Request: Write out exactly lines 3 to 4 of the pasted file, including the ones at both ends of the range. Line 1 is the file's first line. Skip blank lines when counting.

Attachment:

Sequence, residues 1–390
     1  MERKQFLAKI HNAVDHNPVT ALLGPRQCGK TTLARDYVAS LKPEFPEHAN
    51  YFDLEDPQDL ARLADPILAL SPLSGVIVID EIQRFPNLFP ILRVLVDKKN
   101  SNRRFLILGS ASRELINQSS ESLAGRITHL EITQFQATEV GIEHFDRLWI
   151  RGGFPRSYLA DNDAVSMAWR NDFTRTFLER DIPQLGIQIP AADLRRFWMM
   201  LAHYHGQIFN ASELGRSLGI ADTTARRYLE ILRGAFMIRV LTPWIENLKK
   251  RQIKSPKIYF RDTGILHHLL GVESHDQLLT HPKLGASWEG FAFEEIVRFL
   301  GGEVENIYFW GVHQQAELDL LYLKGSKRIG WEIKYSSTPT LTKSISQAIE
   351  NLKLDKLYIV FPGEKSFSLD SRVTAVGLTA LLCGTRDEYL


    51  YFDLEDPQDL ARLADPILAL SPLSGVIVID EIQRFPNLFP ILRVLVDKKN
   101  SNRRFLILGS ASRELINQSS ESLAGRITHL EITQFQATEV GIEHFDRLWI